France confirms renewables boost over nuclear

FRANCE: Newly-elected French prime minister Jean-Marc Ayrault has confirmed the new government will uphold the target of reducing the share of nuclear power from 75% to 50% of electricity production by 2025.

French prime minister Jean-Marc Ayrault
French prime minister Jean-Marc Ayrault

Ayrault, who was making his first policy statement before parliament, said this will be achieved mainly by boosting renewable energies and cutting demand.

At the same time, the new minister of environment, sustainable development and energy, Delphine Batho, announced in her first public statement that the development of renewable energy would be a major focus" of government policy.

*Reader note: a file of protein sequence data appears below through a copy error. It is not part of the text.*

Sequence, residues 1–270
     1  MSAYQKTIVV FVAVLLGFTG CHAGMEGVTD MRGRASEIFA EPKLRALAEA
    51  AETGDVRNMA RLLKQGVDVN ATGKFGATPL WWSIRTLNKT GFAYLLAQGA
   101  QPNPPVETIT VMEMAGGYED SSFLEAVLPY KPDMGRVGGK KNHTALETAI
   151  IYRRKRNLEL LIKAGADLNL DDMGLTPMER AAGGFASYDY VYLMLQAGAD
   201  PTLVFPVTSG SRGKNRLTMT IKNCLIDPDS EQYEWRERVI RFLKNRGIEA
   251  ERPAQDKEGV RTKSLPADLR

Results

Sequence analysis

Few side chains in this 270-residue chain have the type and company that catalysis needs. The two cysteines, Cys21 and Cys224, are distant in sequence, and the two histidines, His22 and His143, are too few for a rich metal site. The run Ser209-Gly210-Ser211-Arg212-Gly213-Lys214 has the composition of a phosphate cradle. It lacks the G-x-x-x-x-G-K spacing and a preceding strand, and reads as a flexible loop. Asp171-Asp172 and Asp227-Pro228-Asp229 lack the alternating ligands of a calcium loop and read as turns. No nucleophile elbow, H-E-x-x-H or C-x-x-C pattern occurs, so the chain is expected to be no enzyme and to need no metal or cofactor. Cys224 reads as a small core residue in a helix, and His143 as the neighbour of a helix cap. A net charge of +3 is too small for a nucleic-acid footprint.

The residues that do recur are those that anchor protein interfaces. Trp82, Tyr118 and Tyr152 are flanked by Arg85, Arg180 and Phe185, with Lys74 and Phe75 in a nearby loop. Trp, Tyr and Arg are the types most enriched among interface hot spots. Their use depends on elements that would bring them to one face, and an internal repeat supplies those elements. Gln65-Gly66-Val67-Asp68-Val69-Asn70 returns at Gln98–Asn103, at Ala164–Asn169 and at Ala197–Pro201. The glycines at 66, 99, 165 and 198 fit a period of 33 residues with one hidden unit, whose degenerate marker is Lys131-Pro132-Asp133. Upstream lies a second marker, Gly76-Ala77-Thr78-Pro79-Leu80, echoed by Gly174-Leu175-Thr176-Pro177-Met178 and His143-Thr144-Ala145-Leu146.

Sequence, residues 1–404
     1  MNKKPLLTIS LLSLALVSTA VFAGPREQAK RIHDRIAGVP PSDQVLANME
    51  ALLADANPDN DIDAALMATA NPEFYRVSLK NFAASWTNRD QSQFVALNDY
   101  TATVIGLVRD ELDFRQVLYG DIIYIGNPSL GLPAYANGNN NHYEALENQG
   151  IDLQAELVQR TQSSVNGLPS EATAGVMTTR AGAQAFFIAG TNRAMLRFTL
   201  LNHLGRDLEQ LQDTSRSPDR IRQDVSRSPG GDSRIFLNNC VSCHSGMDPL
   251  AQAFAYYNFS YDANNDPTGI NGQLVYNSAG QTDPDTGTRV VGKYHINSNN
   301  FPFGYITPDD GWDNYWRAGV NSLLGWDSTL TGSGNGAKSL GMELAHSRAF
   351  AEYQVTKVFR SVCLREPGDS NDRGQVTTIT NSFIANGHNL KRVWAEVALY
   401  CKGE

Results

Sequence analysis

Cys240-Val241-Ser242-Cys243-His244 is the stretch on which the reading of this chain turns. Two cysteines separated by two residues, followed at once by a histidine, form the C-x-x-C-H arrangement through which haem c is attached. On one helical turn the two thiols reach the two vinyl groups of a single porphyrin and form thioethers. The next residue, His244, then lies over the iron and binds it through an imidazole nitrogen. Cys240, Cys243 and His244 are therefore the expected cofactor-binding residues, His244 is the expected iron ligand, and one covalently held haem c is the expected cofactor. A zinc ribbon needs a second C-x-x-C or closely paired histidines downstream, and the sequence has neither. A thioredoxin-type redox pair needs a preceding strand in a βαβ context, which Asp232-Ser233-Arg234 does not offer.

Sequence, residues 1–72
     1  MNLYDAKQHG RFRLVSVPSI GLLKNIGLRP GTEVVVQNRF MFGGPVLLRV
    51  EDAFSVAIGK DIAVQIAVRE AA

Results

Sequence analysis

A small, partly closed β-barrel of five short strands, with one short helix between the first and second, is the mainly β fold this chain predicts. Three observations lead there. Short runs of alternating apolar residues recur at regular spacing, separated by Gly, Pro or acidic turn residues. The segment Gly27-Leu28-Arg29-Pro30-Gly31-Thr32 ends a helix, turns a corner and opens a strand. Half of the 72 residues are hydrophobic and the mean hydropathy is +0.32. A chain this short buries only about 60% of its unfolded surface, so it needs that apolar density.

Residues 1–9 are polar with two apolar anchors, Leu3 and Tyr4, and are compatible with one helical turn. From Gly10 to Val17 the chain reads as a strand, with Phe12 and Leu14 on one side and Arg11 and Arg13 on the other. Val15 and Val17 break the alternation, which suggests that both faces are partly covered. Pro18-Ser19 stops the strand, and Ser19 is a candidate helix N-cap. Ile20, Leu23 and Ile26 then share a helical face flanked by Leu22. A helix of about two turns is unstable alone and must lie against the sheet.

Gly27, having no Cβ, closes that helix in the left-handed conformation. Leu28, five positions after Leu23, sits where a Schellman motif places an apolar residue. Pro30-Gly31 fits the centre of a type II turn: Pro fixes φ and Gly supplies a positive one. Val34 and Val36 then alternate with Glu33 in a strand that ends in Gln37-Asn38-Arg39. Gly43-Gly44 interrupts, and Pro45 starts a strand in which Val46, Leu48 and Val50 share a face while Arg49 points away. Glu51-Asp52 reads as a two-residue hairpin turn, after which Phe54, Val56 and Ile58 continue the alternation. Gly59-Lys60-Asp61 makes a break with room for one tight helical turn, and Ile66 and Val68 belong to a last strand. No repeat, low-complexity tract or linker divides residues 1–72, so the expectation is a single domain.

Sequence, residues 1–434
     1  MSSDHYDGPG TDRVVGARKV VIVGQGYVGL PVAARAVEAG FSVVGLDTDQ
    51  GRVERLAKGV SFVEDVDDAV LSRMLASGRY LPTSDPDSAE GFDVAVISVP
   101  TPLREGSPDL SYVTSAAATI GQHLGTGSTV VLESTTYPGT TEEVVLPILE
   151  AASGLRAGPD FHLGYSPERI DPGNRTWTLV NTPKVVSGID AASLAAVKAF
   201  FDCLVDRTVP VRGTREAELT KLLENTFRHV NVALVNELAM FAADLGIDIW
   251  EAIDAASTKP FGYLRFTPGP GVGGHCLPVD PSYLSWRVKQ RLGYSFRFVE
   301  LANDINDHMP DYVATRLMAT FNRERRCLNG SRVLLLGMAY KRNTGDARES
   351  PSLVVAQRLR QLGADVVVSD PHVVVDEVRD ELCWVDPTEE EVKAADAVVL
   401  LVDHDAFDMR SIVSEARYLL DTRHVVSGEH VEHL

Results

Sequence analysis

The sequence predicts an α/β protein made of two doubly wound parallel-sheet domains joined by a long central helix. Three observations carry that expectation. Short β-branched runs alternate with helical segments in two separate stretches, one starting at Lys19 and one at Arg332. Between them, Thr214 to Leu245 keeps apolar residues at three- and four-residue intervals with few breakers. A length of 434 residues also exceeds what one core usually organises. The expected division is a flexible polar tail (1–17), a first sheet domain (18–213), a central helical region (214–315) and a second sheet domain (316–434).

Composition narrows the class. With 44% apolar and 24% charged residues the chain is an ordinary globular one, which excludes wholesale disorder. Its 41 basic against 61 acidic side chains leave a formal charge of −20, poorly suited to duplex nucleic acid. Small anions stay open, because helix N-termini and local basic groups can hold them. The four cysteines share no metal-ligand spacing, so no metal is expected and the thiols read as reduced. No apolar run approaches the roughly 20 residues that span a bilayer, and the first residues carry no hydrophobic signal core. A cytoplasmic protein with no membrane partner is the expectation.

Regarding wind power, trade body the Renewable Energy Syndicate (SER) says "a thorough consultation is already underway with the government and parliament to simplify administrative procedures."

In the meantime, Batho said the promised national debate on energy, will now start in September. It was initially scheduled for July,  Batho said.

The government will present its law planning the energy transition early 2013.

Campaign promise

Ayrault's confirmation follows the campaign promise of newly-elected French president Francois Hollande to reform wind farm planning law and lower the country's reliance on nuclear from 75% to 50% by 2025.

In an article in Le Monde on 8 May, Hollande's energy advisor Marie-Hélène Aubert said the new government would "re-establish a stable, visible and incentivising regulatory framework" for wind power before next summer.

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